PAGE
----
This might seem counter intuitive to those of us who have grown up in a nation where cultural objects are preserved and made available, especially now with social media and Archive 2.0 platforms, promoting access and retention of archival digital surrogates.  We have come to correlate preservation with the right to free and open access to those items being preserved.  However, other nations, as a reflection of their social, political or religious environments passionately preserve their culture for those in the culture.  For whatever reason, policies for such private cultures protects the integrity and flow of information within the culture it was created, which in turn makes us as researchers responsible for maintaining ethical access practices to ensure international cultures are preserved according to their standards and not “western” expectations.


Alele Musuem, Library and National Archive (2000). National Archives. Retrieved from:

The Republic of the Marshall Islands (1989). The National Archives Act of 1989. Retrieved from:

Interview with Dr. Pat Franks and IDNA Project Members

SCH_SOI_Blue_WebOn February 8, 2017 an interview with Dr. Pat Franks, Svetlana Ushakova, Pamela Lutzker and Inna Gogina was posted to the ISchools website.  In the interview Dr. Franks discusses the inspiration for the IDNA project and researchers discuss their experience during the international research process, the challenges they faced and the countries which they profiled.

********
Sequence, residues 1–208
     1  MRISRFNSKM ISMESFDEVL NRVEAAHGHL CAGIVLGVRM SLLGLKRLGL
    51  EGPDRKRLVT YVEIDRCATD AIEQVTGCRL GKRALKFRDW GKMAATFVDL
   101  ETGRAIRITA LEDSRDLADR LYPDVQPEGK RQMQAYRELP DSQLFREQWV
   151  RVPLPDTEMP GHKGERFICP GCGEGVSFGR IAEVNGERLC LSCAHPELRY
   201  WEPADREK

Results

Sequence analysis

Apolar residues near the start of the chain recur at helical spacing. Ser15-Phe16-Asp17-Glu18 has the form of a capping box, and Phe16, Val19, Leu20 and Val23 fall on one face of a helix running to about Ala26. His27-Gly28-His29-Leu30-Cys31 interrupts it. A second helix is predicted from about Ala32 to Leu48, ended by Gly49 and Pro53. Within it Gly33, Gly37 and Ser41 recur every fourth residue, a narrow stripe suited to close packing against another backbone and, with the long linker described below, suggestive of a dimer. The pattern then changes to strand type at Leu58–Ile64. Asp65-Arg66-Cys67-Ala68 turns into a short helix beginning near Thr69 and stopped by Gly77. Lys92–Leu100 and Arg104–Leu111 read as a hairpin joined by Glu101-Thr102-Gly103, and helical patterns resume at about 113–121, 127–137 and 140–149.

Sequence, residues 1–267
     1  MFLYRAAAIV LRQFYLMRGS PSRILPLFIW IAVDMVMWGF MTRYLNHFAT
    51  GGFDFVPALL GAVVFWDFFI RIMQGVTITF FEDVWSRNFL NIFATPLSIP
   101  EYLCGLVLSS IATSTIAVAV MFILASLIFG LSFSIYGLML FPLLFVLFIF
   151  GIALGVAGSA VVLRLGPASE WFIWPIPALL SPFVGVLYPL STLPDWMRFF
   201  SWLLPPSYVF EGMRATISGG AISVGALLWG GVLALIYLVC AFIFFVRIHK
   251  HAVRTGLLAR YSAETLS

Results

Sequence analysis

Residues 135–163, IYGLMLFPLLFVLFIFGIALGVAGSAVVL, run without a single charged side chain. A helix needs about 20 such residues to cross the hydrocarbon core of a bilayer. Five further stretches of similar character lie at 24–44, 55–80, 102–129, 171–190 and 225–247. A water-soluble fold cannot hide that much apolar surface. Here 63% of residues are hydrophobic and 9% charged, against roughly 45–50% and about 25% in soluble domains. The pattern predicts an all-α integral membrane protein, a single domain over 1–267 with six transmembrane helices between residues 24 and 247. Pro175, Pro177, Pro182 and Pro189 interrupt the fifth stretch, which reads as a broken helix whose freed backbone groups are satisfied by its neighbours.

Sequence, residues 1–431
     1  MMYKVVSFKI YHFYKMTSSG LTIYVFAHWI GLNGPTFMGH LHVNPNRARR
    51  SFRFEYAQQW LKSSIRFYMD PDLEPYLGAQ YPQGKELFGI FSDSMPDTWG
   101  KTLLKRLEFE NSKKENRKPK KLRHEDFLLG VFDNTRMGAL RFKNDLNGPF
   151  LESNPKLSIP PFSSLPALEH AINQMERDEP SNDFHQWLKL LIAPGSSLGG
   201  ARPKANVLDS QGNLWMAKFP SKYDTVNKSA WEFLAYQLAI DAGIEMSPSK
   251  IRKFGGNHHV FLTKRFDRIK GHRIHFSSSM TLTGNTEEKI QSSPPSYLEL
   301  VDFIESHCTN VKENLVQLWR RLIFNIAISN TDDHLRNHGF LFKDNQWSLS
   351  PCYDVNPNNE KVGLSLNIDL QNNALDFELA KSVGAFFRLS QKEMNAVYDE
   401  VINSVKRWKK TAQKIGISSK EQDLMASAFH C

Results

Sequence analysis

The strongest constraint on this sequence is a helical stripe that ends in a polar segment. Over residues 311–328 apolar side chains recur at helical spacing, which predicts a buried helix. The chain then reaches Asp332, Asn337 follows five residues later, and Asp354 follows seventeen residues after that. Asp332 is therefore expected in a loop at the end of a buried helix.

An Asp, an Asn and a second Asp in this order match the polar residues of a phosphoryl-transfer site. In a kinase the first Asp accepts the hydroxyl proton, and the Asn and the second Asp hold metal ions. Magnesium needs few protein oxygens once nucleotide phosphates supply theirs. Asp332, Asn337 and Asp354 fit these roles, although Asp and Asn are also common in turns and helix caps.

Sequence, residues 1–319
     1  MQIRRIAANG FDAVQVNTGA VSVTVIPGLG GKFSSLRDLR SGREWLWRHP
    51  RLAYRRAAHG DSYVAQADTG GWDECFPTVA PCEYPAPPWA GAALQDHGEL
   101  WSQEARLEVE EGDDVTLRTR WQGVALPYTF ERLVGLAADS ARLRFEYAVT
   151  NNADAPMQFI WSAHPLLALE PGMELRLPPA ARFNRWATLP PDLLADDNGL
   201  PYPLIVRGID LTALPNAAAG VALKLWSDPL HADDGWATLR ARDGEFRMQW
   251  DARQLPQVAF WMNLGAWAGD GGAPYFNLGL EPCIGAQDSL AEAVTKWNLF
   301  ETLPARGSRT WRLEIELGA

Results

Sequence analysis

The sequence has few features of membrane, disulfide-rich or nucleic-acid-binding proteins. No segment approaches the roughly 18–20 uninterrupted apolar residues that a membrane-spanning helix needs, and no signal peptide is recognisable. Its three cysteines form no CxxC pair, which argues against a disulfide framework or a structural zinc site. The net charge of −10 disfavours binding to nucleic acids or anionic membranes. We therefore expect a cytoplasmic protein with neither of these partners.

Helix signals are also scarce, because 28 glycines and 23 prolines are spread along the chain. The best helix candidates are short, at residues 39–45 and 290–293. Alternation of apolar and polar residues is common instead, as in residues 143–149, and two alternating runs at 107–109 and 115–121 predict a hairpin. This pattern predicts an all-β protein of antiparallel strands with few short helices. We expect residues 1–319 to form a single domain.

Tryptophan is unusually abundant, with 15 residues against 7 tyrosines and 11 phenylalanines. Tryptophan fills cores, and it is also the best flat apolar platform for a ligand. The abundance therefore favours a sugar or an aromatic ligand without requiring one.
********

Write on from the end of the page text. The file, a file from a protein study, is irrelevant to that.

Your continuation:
For the entire Interview please visit

Climate Change and National Archives

Mary Malone

I started this project focusing on the national archives of some Pacific island nations.  Not being able to actually visit these archives, I was often distracted by the very beautiful pictures of these coral islands presented by Google during my research; images of blue water and a vibrant sky dotted with big white clouds provided a much needed virtual vacation from the cold, wet winter I was experiencing in Seattle.  But this beautiful, warm paradise can wreak havoc on historical documents and artifacts.  As archivists, librarians, and museum professionals, we are well aware of the risks that these institutions face, including extreme weather, natural disasters, war, aging infrastructure, and the very modern concern of hardware and software degredation and obsolesence.  Archives have always faced some level of risk and accordingly, many archives have some sort of disaster plan to deal with the those disasters most likely to affect their archives.

A particular risks to the national archives of the Pacific island region (including Micronesia, Melanesia, and Polynesia) is the environment, as the tropical climate of these island nations presents a challenge to the preservation of analog records and to the maintenance of hardware necessary to house digital records. Hot, humid environments are the archenemy to archival preservation.  Paper and water just don’t mix.

Not only does the environment pose a challenge to the archives of Pacific island nations, but Matthew Gordon-Clark points out two new risks to these island national archives in his 2011 article “Paradise lost? Pacific island archives threatened by climate change”: rising sea levels and extreme weather events.  As sea levels rise due to global warming, those low-lying Pacific islands are at particular risk of damaging or losing their archives to encroahing sea levels and storm surge water (the author mentions Tuvalu, Marshall Islands, Tokolau, and Kiribati at greatest risk).  Even those island nations that sit well above sea level still risk damage to national infrastructure due to rising sea levels, which will impact all areas of governement and life.  Additionally, extreme weather events (stronger and more frequent hurricanes, for example) pose a myriad of risks to all Pacific island countries and their national archives.  This very real possibility should be considered by the national archives of these nations, especially if they have the opportunity to relocate inland to higher ground.